Your experience with tpu tubes?

Good day

I wanted to ask around about your experiences with TPU Tubes

My experiences have been bad with FOSS tubes but have been very good with the Revoloop Fatbike tube

Is there a need? What size should it be?

For example, my suggestion would be 20x3.0, 24x3.0, 26x3.0, 27.5x3.0, 29x3.0, 26x4.0

What type of valve do you prefer?

The advantage of TPU hoses is the much lower weight. I can’t make any statements about durability. The Revoloop, although wafer thin, has survived at least 3 tire changes so far.

Hi ! I use TPU tubes since the start of the year on my G36 and my G29. I was quite suspicious about their quality. Lots of reviews mark them as really expensive for not much advantages.

On my G36, I use one of the new 36 TPU tubes from 36pollici/Trentasei. They are sold to be around 108g and that’s what I found when weighing them. First good point! :slight_smile:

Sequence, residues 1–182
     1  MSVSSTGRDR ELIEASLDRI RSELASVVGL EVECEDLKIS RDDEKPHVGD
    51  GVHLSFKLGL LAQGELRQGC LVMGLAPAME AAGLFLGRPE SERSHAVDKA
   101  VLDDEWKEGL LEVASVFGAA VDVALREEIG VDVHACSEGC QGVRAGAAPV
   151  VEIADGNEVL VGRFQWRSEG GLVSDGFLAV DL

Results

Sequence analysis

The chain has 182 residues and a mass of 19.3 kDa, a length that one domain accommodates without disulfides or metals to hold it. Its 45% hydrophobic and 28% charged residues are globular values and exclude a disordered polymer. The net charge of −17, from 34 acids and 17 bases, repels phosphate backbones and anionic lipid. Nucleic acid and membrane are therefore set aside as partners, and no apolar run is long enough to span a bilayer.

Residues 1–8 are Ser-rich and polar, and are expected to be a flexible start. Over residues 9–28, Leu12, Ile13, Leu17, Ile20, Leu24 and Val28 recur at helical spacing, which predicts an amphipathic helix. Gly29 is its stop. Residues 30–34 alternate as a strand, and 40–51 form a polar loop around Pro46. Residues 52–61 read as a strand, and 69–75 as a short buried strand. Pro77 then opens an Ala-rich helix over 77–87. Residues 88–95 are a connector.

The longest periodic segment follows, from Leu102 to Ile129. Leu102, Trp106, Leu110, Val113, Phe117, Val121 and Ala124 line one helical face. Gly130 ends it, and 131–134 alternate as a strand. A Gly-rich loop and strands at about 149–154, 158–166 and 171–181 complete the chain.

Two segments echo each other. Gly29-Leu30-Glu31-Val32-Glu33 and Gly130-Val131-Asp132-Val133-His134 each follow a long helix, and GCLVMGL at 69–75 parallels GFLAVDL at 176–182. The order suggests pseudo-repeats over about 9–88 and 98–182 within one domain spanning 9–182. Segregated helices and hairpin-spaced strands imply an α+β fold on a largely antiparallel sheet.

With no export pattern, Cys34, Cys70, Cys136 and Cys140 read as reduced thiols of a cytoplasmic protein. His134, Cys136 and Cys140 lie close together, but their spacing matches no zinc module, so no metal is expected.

Then, the installation: I was used to put a stretched 29 Butyl tube… But using the new 36 TPU tube was much easier! Second good point!
What about the ride? The wheel is lighter (-80g compared to a 29 tube, -240g compared to a light 36 tube) and you can feel it! Accelerations are easier, and so are the climbs. At 3 bars/45 psi, the wheel seems very stable in turns. Third good point!
What about punctures? Not a single one. I’m not sure how much distance I have ridden, but probably around 500 km (including more than 100 km today and 50 on Monday :grin:). Fourth good point!
Any bad point? Yes. But… Not a too bad one. After having inflated the tube, the core can come with the pump. It is easy too replace, but you’ll have to re-inflate your tube again :wink:

My opinion on these tube is that they are worth (almost) every cent. Expensive, yes, but the quality is great. Let’s simply hope they fix the issue with the core!

On my G29, I had way more choices. Tubolito, Revoloop, … I finally chose a Schwalbe Aerothan tube. I was glad with Schwalbe regular Butyl tubes, so why not continuing with Schwalbe?
Most of the previous comments also apply to these tubes too. Including the issue with the core :upside_down_face: